Saturday, November 27, 2010

If Ye Are Not One, Ye Are Not Mine

 How does one thankfully celebrate by feasting when surrounded by desperate poverty without repulsively standing on one's own Rameumptom saying, "We are thankful that we are so blessed while others, not as deserving as us, are selected to suffer..."For what man among you having twelve sons, and is no respecter of them, and they serve him obediently, and he saith unto the one: Be thou clothed in robes and sit thou here; and to the other: Be thou clothed in rags and sit thou there-- and looketh upon his sons and saith I am just? ...Be one and if ye are not one ye are not mine! DC38

So Thanksgiving became, for us, both a dilemma and an opportunity. To give to all isn't possible with the small means and short sighted vision we have.  Will the gift bless or hurt? Who is honestly in need? What would help most, money, food, teaching (most don't speak anything we can understand or speak), what precedents will be set for the next time we pass along their way or for those missionaries who follow us? Etc, Etc.  Then to complicate our feelings the turkey we were to eat was given to us... (Are we not all beggars...? Mosiah 4) Indeed we were!

After much prayer and counseling together a plan was hatched which by no means solves all the questions. We will continue to wrestle with these issues for the rest of our lives. Of course we have been conscious of them for years and occasionally were confronted with them on the streets of Salt Lake City; Phoenix, Arizona; New York City; etc but now they swirl around us daily and even from moment to moment. 

John, Sylvestre, Kevin, Anita, Alene, Fulgence, Jackson

After being confronted by one of our favorite apartment staff members who smiles all the time and leaps to help us carry things in. Though he is always working, he pauses to wave or open the gate for us. So when I asked him, the day before Thanksgiving how he was doing, "Ca va?", and his answer was "pas bien"-(he speaks a little  French which means here, "not good") I asked him why, I was really concerned since he was always so happy. He said, "I am hungry". I asked why since you have a paying job? He shook his head no. 
I wondered whether he 
Jackson, Isaac, Sylvestr
didn't understand or wasn't being paid for his yard work. I promised to talk to the apartment manager. I then shared the situation with the Janet and the Jamesons. We had been confronted by both guards for money as well so suddenly the swirl of poverty was intimately and directly around us. We told the group that we couldn't celebrate a Thanksgiving by consuming, there had to be a better way and all agreed. Now that said, it is a reality that a harvest celebration is had in most countries to give thanks to their deity for the harvest. Here, it is in December and called Umuganuro. So celebrating by consuming is ubiquitous but then everyone is celebrating together and we would not be. So between the four of us we decided to have the Apartment manager gather all the staff together and translate our words as we shared some of our resource with them. You see them smiling holding their white envelopes. We explained that just one time per year we give gratitude to God by celebrating the harvest bounty and wanted them to partake with us by using this money to eat better. They were so happy they applauded and have greeted us with even bigger smiles.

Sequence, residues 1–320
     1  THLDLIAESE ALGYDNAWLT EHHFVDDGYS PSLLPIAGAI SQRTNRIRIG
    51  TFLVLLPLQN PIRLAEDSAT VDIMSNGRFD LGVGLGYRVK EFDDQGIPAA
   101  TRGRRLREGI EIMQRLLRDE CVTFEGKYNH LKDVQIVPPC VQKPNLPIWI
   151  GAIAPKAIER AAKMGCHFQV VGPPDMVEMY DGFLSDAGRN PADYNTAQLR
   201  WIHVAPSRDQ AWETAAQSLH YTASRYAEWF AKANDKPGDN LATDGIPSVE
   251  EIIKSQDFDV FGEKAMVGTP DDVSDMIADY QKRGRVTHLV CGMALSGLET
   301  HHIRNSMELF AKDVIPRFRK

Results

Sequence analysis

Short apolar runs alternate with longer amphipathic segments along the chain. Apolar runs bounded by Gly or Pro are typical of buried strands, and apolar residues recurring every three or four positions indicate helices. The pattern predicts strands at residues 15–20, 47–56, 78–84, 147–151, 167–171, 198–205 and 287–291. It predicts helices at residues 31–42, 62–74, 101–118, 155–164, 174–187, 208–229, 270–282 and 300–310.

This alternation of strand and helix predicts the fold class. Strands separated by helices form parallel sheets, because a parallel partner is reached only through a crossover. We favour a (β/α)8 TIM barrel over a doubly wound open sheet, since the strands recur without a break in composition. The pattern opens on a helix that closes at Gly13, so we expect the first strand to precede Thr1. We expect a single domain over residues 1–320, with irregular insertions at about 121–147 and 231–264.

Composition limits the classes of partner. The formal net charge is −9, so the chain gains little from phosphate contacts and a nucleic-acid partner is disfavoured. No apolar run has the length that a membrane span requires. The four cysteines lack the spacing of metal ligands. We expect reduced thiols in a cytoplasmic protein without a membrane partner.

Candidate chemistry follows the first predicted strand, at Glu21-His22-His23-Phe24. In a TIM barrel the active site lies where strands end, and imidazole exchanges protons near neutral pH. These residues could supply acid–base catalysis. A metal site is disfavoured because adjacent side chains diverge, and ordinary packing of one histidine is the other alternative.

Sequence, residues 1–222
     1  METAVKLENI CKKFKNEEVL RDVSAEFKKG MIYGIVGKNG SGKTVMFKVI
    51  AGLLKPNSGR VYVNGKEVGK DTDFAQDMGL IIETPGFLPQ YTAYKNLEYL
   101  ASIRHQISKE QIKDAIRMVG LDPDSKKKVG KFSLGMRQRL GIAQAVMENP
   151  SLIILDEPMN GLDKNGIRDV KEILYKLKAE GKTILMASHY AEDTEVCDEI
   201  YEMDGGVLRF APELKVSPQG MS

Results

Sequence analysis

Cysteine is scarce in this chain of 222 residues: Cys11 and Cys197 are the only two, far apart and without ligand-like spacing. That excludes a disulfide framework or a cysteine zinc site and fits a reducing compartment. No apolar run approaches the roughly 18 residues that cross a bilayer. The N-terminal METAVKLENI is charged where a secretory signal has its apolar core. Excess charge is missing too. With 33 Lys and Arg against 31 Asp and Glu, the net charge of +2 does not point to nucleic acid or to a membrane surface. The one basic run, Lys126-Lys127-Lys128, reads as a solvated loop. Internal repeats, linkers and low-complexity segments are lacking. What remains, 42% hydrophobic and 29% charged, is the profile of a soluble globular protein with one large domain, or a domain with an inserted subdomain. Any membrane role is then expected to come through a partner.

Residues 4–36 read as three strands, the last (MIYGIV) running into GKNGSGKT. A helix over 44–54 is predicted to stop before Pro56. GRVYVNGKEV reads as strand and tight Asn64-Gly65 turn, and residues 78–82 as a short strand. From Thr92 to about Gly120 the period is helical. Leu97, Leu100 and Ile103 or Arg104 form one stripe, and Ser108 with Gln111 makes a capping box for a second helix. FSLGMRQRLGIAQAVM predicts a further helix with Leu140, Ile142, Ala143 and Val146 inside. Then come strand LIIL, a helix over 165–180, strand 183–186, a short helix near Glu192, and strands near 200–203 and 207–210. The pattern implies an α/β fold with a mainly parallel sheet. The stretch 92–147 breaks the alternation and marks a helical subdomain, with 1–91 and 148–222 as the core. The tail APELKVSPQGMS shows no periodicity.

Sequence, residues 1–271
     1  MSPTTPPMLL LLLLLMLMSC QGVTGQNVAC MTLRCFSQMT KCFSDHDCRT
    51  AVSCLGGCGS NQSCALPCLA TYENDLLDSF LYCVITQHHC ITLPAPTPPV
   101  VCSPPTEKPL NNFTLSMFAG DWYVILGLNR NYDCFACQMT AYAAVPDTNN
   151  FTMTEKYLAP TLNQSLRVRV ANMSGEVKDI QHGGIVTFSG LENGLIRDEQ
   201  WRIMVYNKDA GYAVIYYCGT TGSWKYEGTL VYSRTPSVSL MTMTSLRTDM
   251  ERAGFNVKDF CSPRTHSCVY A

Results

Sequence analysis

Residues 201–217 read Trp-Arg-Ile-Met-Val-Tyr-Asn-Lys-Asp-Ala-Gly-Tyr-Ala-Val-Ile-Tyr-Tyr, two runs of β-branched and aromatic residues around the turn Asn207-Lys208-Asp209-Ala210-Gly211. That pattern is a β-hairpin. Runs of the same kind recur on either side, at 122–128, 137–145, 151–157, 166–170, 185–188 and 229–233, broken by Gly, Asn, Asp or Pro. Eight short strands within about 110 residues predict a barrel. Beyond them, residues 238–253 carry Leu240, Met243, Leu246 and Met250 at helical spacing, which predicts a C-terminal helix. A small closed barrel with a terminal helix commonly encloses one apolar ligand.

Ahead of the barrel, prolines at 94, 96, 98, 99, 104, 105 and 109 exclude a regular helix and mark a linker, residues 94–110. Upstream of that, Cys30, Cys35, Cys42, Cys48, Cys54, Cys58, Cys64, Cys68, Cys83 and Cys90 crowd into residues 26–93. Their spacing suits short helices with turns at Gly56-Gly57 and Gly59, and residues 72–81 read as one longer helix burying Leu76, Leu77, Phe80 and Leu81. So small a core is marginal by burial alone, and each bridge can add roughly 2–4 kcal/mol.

The rest of the day was spent trying to be thankful for a gifted turkey that proved to be a real challenge. The landlord's chef cleaned it...mostly... pliers and a knife finished the pin feathers. We washed and washed until we were satisfied. Grammy stuffed it with some of this wonderful whole wheat bread crumb dressing and popped it into the little toy oven.  

Trying to determine time and temperature with a toy and no meat thermometer was guess-work at best. We waited then removed the dressing and checked the meat on the inside... still pink. Another hour and it was time to cool and carve. I don't know what those butter-ball guys do but this was not your father's turkey...maybe it was great grandfather's because I dissected more thick skin, blood vessels and endless facia from layers of muscle and tendon. When we finished the brown meat looked and felt raw...kinda purple but the white meat looked good...until you chewed it, and chewed it, and chewed it. Tough old bird, as the saying goes... but we were thankful. The fresh green beans, fresh fruit and yogurt salad, sweet corn and croissants.

 Then came the banana cream and apple pies with whipped cream- Sister Jameson's specialty (but then everything is her kitchen speciality).

When we finally got the word from our Embassy employee that he was here, we warmed it all up again... and then to add to the giving part of the thanks he brought a fellow worker, an African named Caleb. It made for an interesting history lesson on the wars and conflicts of his life in this area... How do you spell

T H A N K S G I V I N G ?

With a Smile!

1 comment:

  1. Wonderful post. I've never been more grateful for my blessings than when I was living among the poor in the Philippines. My first Thanksgiving home I solicited friends and family for donations to send to a friend of mine in the Philippines for the purpose of her starting a business so that she and her family could then sustain themselves. Thanksgiving seems like such an appropriate time to give.

    I love reading your posts. Thank you for your testimonies.